A recent survey by a Health, Labor and Welfare Ministry study team found that 4.62 million Japanese suffer from dementia, nearly 1.6 million more than last year’s estimate. The new study included early-stage patients who have not yet needed to use nursing care services.
The study’s more inclusive approach reveals that an epidemic of dementia has already arrived in Japan. The rate of dementia in elderly people was found to be 15 percent. This figure will likely rise as the Japanese population grows increasingly gray.
Dementia refers to many different types of symptoms, the most commonly known being Alzheimer’s, but it can be considered a decline in mental ability severe enough to interfere with daily life and generally require care. In a small number of cases it can be treated with hormone or vitamin therapies, but generally, dementia requires extensive care and assistance.
The study wisely called for a review of the government’s program to address dementia-related issues, and some progress has been made. However, much more needs to be done, especially because the costs related to dementia will continue to greatly increase.
The estimated cost of dementia worldwide in 2010 was put at $604 billion. That includes informal care, direct costs of social care by professionals and at residential settings, as well as the direct costs of medical care.
The problem is not confined to Japan, but is a global issue. A 2010 survey by Alzheimer’s International estimated that there were 35.6 million people with dementia worldwide.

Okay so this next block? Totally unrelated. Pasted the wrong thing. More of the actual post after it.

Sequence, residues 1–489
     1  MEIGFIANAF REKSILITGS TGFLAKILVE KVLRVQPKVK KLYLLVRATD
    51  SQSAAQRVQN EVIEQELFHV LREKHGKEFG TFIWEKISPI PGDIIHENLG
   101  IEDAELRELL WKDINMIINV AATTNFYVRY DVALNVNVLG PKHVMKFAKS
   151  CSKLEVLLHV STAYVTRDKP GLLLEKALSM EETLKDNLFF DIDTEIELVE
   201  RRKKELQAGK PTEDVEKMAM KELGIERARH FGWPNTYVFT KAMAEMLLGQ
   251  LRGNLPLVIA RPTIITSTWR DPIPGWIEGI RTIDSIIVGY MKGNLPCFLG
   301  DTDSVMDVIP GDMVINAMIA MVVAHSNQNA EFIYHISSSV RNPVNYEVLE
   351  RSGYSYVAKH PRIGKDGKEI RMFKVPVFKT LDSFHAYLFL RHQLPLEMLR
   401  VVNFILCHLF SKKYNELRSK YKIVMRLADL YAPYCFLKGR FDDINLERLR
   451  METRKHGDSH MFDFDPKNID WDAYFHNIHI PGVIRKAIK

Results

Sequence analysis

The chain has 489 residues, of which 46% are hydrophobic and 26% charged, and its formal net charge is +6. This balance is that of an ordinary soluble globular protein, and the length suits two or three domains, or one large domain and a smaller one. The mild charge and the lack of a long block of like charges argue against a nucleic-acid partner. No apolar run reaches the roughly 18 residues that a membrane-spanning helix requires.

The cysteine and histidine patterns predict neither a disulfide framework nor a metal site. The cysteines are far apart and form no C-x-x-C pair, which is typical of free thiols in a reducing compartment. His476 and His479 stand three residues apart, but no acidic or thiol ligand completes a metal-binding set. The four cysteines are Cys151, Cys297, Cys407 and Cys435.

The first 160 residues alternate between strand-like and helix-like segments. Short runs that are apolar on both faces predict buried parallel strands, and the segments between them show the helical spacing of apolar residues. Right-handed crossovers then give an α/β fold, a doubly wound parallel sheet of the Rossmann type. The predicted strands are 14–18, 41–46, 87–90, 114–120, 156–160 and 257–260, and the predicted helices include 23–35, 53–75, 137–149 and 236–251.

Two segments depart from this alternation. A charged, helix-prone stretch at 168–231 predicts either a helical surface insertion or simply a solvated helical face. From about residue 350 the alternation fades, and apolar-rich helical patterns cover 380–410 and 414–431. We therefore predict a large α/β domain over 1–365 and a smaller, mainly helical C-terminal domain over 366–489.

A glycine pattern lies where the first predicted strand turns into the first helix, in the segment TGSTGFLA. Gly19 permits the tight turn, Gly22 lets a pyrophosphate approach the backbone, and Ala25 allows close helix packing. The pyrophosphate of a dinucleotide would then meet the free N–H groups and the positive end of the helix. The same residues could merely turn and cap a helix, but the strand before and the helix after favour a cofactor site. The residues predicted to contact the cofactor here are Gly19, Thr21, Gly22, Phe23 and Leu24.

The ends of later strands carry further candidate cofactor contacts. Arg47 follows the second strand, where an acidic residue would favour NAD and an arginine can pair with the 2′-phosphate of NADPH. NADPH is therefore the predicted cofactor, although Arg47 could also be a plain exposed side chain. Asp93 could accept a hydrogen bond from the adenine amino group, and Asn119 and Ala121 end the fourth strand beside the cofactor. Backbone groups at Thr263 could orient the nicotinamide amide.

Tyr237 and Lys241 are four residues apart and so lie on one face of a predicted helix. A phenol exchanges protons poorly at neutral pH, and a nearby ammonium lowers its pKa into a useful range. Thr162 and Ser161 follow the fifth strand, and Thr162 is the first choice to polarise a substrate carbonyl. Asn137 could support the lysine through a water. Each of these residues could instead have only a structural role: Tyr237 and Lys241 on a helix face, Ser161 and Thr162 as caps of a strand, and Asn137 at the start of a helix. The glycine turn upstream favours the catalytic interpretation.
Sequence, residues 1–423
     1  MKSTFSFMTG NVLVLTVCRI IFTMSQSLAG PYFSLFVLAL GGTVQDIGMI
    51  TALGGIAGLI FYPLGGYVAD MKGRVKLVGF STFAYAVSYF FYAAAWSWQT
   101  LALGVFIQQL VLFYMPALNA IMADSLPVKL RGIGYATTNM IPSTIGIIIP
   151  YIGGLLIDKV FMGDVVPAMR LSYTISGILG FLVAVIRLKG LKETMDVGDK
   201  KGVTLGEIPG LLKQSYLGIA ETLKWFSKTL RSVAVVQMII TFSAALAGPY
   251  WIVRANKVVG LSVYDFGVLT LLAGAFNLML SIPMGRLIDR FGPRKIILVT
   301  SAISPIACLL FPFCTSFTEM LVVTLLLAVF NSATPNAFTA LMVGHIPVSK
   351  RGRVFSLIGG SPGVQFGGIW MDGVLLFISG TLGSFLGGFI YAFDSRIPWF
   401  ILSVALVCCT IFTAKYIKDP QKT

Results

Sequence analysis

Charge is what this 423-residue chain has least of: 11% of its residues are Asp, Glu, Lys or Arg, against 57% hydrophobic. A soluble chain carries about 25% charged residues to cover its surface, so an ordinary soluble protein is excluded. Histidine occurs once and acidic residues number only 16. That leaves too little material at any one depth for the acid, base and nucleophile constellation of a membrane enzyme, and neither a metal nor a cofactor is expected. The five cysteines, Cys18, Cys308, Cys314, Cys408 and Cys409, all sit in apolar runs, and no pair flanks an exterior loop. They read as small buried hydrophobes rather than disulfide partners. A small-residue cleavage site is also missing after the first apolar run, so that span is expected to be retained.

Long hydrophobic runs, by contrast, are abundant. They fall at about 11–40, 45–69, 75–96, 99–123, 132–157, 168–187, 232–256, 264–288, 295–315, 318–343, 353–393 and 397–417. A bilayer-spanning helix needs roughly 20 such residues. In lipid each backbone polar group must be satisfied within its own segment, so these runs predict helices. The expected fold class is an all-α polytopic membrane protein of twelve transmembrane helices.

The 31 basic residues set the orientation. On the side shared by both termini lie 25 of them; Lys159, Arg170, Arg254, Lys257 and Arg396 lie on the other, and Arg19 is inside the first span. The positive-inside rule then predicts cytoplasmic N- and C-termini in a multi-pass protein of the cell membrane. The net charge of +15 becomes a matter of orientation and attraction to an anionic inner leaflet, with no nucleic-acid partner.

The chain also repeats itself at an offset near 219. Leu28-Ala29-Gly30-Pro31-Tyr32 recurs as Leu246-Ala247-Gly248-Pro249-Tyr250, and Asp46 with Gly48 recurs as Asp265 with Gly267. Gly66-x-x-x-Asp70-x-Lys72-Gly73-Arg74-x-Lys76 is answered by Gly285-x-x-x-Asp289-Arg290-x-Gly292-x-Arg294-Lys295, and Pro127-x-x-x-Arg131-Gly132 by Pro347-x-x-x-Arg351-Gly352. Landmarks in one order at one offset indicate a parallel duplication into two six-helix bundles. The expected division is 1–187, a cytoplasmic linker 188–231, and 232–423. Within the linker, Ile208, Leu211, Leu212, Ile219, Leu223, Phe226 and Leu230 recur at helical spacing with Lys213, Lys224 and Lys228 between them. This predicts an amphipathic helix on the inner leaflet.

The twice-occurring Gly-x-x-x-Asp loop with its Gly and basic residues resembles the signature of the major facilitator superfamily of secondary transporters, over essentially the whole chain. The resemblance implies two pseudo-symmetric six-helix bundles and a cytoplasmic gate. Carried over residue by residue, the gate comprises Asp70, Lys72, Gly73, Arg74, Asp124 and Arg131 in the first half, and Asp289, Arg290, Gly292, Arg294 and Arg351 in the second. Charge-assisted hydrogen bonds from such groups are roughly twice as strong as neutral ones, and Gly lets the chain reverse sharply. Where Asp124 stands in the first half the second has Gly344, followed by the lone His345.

That figure will nearly double by 2030 to 65.7 million and become 115.4 million in 2050. A recent paper calculated that China alone had 9.19 million people with dementia, of whom 5.69 million had Alzheimer’s in 2010.
Japan needs to address this health crisis. Early diagnosis and intervention are the best means to treat dementia, but that requires increased awareness, new policies and higher budgets.
Less than half of dementia cases are reportedly recognized during checkups or other treatments. The government should include testing for dementia during all health checkups and make such checks regular part of what doctors look for during treatment for other health issues.
A systematic approach to diagnosing and treating dementia would be efficient. It would ensure that the right treatment and care is received. The ministry should also work together with other countries. Japan has much to learn from the policies and systems of other countries, but also has much to offer to those other countries because of the relatively advanced stage of aging and long life expectancy for the Japanese population in general.
Most forms of dementia cannot be cured, but all forms can be treated and managed to ensure the best quality of life for such patients and to lessen the burden on their families. Those who have it deserve the best care the medical system can provide and the best future planning the government can offer.
IN FIVE EASY PIECES WITH TAKE 5